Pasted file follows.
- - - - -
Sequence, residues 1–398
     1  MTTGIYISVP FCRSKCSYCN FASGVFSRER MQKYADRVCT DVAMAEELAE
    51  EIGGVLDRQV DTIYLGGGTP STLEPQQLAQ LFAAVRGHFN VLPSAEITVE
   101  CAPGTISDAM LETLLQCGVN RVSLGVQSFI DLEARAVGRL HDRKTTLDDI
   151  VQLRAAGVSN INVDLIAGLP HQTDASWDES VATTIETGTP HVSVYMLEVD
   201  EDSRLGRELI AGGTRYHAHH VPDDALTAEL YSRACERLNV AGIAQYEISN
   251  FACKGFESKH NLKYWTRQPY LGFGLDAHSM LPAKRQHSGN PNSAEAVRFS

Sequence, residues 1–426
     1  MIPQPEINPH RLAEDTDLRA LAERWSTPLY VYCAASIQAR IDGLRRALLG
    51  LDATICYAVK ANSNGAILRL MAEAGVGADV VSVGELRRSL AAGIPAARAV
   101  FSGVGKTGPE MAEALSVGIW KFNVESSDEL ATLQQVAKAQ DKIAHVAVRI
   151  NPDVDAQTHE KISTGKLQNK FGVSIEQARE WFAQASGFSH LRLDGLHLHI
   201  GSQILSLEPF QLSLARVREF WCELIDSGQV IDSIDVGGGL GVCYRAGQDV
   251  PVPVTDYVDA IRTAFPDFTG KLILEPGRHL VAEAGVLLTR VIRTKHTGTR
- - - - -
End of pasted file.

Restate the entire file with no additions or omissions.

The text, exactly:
Sequence, residues 1–398
     1  MTTGIYISVP FCRSKCSYCN FASGVFSRER MQKYADRVCT DVAMAEELAE
    51  EIGGVLDRQV DTIYLGGGTP STLEPQQLAQ LFAAVRGHFN VLPSAEITVE
   101  CAPGTISDAM LETLLQCGVN RVSLGVQSFI DLEARAVGRL HDRKTTLDDI
   151  VQLRAAGVSN INVDLIAGLP HQTDASWDES VATTIETGTP HVSVYMLEVD
   201  EDSRLGRELI AGGTRYHAHH VPDDALTAEL YSRACERLNV AGIAQYEISN
   251  FACKGFESKH NLKYWTRQPY LGFGLDAHSM LPAKRQHSGN PNSAEAVRFS

Sequence, residues 1–426
     1  MIPQPEINPH RLAEDTDLRA LAERWSTPLY VYCAASIQAR IDGLRRALLG
    51  LDATICYAVK ANSNGAILRL MAEAGVGADV VSVGELRRSL AAGIPAARAV
   101  FSGVGKTGPE MAEALSVGIW KFNVESSDEL ATLQQVAKAQ DKIAHVAVRI
   151  NPDVDAQTHE KISTGKLQNK FGVSIEQARE WFAQASGFSH LRLDGLHLHI
   201  GSQILSLEPF QLSLARVREF WCELIDSGQV IDSIDVGGGL GVCYRAGQDV
   251  PVPVTDYVDA IRTAFPDFTG KLILEPGRHL VAEAGVLLTR VIRTKHTGTR